A sharp rise in the number of NHS staff suffering from the coronavirus threat of delaying patient care, health officials have warned, as the number of hospitals in England has risen to nine months.
Government statistics show that history 129,471 people tested positive for Covid in England and Wales on Tuesday.
So far, NHS England reports show that 9,546 people were hospitalized across England with Covid-19 on December 28, a 38 percent increase since last week and the highest since March 3.
The number of people hospitalized with Covid-19 in England is still behind 34,336 in January. UK Government Monday thought of other coronavirus inhibitors in England before the new year after reviewing the latest medical records.
But Dr Chaand Nagpaul, chairman of the British Medical Association’s governing body, said Boris Johnson, the prime minister, has ignored an “elephant in the room” of a staff vacancy.
About 43 percent of the missing NHS in London so far was due to Covid, compared to about 16 percent of Omicron’s differences before they appeared at the end of November, he said.
According to the most recent data, on December 19 the number of personnel on the NHS in England related to Covid-19 rose to 18,829, up about 50 percent within a week.
Nagpaul warned that the aforementioned narratives reduce the risk of what is happening because they do not take into account the constant need and activities of the public.
Rota’s chances for Covid mean that some responsibilities will be removed soon and, in some cases, blood tests will be delayed, he warned.
Some patients also found it difficult to get to the GP due to illness among the receptionist staff. “These are real issues that affect the provision of care in general and in hospitals,” he said.
Dr Ian Higginson, vice president of the Royal College of Emergency Medicine, said a recent survey conducted by its members states that emergency departments lose up to 25 percent of nurses and medical staff due to illness. or isolation from Covid.
The college also received reports that some employees were struggling to get a lateral exam or PCR that would enable them to return to work.
Chris Hopson, head of NHS Providers, which represents hospitals, ambulances, community members and medical ethics, said employee illness could be more dangerous to health care than the rise of recipients from a hospital. highly contagious disease.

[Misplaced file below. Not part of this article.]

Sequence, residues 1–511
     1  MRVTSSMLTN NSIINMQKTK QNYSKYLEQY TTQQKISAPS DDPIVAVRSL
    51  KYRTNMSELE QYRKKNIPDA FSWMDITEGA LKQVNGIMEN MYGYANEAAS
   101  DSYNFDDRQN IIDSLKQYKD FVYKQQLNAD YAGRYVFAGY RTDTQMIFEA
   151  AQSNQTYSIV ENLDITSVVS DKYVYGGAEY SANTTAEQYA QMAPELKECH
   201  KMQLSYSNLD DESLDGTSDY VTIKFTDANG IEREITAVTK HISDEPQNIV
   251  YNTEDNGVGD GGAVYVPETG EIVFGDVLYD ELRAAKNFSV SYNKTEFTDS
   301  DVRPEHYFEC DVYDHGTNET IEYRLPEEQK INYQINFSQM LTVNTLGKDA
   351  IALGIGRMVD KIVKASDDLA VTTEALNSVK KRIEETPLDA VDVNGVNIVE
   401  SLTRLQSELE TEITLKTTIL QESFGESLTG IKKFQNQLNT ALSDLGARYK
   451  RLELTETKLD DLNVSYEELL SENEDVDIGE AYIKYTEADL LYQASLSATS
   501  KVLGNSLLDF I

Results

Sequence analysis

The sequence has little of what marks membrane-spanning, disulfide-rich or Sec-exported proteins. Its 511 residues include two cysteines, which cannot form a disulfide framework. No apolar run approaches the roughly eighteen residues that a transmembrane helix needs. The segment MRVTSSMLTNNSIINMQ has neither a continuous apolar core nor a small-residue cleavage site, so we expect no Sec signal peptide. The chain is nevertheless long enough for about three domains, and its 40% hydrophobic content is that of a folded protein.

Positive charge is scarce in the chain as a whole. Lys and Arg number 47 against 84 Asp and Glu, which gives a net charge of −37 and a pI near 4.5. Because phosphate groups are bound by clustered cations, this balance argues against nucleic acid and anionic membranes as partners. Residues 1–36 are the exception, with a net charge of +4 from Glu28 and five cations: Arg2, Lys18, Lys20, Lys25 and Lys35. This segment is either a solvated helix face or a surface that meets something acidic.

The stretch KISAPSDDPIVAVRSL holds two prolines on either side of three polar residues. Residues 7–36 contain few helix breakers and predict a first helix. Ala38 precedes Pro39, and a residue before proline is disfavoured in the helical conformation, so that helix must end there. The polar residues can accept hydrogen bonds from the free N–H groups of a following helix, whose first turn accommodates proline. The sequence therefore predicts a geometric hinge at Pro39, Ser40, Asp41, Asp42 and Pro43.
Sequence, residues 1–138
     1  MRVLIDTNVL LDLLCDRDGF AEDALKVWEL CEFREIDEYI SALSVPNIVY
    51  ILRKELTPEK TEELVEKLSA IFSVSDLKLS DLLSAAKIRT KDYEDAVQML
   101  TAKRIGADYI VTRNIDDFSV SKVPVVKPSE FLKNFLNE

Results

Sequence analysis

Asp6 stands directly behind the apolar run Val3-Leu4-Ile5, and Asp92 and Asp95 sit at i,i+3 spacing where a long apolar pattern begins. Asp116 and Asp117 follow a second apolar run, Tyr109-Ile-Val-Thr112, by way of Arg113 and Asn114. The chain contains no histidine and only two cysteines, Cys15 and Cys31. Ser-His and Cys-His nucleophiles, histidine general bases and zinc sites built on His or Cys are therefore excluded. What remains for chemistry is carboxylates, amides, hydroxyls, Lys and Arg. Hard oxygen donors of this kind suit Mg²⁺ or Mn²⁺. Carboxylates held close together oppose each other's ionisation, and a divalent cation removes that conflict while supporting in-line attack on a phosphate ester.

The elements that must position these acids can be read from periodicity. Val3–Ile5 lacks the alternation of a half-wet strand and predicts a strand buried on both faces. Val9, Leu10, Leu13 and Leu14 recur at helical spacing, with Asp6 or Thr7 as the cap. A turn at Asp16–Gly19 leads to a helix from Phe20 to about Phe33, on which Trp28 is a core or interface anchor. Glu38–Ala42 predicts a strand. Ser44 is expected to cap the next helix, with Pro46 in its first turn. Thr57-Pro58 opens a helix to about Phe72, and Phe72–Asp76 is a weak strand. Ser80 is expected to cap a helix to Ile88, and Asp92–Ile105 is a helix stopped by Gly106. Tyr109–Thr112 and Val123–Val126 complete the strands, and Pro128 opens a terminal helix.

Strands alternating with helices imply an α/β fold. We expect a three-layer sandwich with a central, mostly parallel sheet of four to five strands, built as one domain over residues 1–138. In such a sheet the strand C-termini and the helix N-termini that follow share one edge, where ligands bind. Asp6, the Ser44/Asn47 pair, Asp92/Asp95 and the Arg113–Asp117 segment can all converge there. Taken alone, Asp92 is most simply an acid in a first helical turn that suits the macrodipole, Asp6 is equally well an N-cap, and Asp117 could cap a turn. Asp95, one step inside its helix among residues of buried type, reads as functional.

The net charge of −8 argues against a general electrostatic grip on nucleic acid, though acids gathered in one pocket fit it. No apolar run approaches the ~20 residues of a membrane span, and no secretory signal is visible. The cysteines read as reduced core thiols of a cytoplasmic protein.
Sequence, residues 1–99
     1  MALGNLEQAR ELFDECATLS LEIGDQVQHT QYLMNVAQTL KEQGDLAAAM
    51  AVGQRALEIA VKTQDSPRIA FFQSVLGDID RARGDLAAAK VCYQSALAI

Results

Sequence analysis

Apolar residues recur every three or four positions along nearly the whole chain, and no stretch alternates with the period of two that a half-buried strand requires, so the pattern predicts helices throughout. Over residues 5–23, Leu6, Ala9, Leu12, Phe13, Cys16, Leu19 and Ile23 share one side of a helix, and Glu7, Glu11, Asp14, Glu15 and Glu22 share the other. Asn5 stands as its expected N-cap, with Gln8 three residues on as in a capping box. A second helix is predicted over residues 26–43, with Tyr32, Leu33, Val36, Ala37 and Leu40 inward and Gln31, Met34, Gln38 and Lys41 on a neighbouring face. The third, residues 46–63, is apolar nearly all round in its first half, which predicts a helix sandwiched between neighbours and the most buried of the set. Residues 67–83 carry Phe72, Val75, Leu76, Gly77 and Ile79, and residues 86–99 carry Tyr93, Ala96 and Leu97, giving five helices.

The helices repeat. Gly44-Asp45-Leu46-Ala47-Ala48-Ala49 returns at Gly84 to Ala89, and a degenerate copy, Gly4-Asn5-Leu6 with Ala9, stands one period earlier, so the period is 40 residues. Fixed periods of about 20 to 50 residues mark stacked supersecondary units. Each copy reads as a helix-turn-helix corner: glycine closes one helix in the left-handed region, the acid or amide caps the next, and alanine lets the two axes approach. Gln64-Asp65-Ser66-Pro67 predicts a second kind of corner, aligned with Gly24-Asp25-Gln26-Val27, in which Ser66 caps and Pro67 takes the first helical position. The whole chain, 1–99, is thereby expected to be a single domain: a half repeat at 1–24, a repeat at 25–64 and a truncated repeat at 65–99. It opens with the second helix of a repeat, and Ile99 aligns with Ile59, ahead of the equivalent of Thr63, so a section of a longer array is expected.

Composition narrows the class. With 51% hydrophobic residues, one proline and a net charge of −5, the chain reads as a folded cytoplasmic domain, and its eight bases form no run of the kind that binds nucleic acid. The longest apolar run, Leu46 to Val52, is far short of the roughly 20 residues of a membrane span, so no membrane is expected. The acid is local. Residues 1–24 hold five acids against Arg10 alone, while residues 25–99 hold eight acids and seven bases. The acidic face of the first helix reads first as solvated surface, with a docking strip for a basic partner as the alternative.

In an interview with the BBC he said some officials told him that the absence “could be a bigger problem and a bigger problem for them than the number of incoming people who need help because of Covid”.
He later told FT that the London crisis was “extremely difficult” and that the trust had to send staff back to carry on important work.
The shortage of Covid-related staff “expands the existing system that is about to close,” he said.
Matthew Taylor, chief of the NHS Confederation, said the absence due to staff illness was not evenly distributed: “Most illnesses can affect an entire group in about one night.”
The main hospitals in the headquarters to which FT was connected said operations were moving despite a shortage of staff.
King’s College NHS Foundation Trust said: “Like many NHS Trusts, we are seeing an increase in the number of staff members due to Covid-19.
However, Helen Buckingham, chief of staff at the Nuffield Trust, warned that the deployment of emergency personnel could lead to “further delays” in emergency care.
Patricia Marquis, dean of England at the Royal College of Nursing, said in recent weeks she had heard of employees working 12-hour shifts, working on their vacations and “as a last resort” to leave their annual vacation.
According to the latest statistics from UK Health Security AgencyOn Tuesday, an additional 17,269 Omicron cases were reported in England and Northern Ireland, bringing the total number of cases related to the disease to 177,201.
NHS England said it was striving to support the trust, for example, “to send medical and non-medical staff from remote groups for vaccination and other medical services”.